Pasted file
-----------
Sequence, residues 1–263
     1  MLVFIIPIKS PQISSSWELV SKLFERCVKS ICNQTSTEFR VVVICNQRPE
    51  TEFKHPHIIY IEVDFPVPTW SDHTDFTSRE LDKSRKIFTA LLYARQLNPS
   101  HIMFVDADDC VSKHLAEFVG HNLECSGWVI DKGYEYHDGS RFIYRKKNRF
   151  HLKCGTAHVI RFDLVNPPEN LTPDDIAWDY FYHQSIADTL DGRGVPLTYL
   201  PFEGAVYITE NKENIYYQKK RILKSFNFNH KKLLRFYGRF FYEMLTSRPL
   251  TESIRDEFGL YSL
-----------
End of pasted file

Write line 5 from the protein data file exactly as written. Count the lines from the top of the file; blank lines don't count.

   151  HLKCGTAHVI RFDLVNPPEN LTPDDIAWDY FYHQSIADTL DGRGVPLTYL